CREWS Commercialization Program

Institutional Collaborations for Innovation and Commercialization (IC2)

The CREWS IC2 program promotes sustainability of the CREWS project through commercialization and entrepreneurship activities related to CREWS research. Led by Jakki Mohr, regents professor in the College of Business at the University of Montana, IC2 provides training for all CREWS participants, internships for students and postdocs, and support for all stages of the commercialization process. IC2 partners with UM's NSF I-Corps Site and the tech-transfer offices at all participating institutions. 

IC2 launched its Innovation & Commercialization Internship Program in Spring of 2020, providing two graduate students and one postdoc an opportunity to explore the commercial potential of their research or innovation idea. To explore commercial potential, interns can participate in a workshop (through the Montana NSF Regional I-Corps program) to learn about customer/market discovery, build a template for a commercialization plan, engage with industry, agency, or non-profit partners, and/or complete other tasks appropriate to the specific innovation idea. 

Meet the CREWS 2020 Commercialization Interns:

David Hutchins is a postdoc at Montana Technological University, working in Jerry Downey’s Lab on the Continuous Flow Metal Recovery System (CFMR) as part of the CREWS project. CFMR technology uses magnetic nanoparticles which are an emerging technology with a wide range of applications, including biomedical applications such as anti-cancer drug synthesis. Through his internship, David is exploring feasibility for this biomedical application through literature and patent review, as well as consultations. "This internship has been a great opportunity to explore new possibilities for our technology,” says David. “We tend to get so focused in our areas of expertise that we risk missing alternative applications with serious potential."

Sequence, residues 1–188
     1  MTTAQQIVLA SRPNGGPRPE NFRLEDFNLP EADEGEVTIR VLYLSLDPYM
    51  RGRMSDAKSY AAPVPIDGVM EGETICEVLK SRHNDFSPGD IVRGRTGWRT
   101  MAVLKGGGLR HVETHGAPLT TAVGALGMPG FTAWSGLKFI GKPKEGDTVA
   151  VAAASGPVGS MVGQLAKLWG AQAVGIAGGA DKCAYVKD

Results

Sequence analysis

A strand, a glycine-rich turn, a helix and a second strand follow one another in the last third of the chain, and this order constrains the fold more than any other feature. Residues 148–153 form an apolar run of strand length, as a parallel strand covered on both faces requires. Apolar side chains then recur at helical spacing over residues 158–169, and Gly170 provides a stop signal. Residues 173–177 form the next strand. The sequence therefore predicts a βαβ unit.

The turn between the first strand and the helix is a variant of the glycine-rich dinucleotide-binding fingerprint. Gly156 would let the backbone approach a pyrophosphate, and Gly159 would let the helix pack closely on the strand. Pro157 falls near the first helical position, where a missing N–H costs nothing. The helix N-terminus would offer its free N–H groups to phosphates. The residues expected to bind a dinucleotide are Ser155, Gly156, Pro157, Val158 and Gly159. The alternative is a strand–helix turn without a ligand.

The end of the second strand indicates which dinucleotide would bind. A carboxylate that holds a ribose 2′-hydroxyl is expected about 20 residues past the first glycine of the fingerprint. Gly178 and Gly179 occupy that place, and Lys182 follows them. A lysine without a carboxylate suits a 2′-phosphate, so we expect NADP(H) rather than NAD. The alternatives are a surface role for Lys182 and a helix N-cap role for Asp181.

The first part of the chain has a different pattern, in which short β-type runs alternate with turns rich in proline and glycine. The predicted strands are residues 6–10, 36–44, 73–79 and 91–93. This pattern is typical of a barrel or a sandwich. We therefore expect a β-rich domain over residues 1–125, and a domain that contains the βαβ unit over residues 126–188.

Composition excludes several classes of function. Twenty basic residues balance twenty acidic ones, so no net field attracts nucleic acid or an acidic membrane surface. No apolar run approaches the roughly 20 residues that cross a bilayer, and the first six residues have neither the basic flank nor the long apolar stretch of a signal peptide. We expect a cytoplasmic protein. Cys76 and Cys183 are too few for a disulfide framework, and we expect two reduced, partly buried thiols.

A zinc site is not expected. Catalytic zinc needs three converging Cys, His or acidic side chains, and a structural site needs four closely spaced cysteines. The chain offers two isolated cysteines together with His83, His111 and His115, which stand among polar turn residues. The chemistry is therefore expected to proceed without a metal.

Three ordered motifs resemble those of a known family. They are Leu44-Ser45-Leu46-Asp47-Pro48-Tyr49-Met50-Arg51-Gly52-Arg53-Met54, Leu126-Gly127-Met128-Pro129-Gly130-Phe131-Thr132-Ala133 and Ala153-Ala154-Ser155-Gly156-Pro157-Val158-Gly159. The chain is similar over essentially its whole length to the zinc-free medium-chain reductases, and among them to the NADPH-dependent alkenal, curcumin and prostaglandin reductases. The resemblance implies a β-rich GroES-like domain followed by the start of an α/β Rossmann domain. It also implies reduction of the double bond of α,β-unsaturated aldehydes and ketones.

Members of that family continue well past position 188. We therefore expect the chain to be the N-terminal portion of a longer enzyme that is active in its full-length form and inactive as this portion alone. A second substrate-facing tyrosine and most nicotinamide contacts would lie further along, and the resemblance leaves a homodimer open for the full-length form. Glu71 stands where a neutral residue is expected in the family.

Taylor Gold Quiros is a PhD student at the University of Montana in the Valett Lab. Her CREWS research on the Upper Clark Fork River investigates the impact of long-term stressors, such as mining, on the structure and function of aquatic communities—in this case, fish. As an intern, Taylor is looking at the commercial potential of her idea to develop an app that would provide a data sharing platform for anglers, academics, and agencies. “My goal is to create an exchange of information; the app would create an opportunity for scientists to share data directly with people who may use it and have a citizen scientist component where the public can help scientists track demographics of the fish (and fishermen) on the river,” says Taylor. Taylor is working with Montana Fish Wildlife and Parks on this idea and has participated in UM’s I-Corps program to research its feasibility. 

Qipei Shangguan is a PhD student at the University of Montana, working on sensor development for the CREWS project in Mike DeGrandpre’s lab. He is developing a prototype alkalinity sensor for in situ freshwater monitoring.  Through his internship, Qipei is working with Sunburst Sensors to perform experimental tests and assess market interest for this new technology. “It is great to work with industry and exchange ideas. I hope the alkalinity sensor will help freshwater researchers to observe fine scale natural phenomena,” says Qipei.


Qipei Shangguan deploying sensors in the Clark Fork River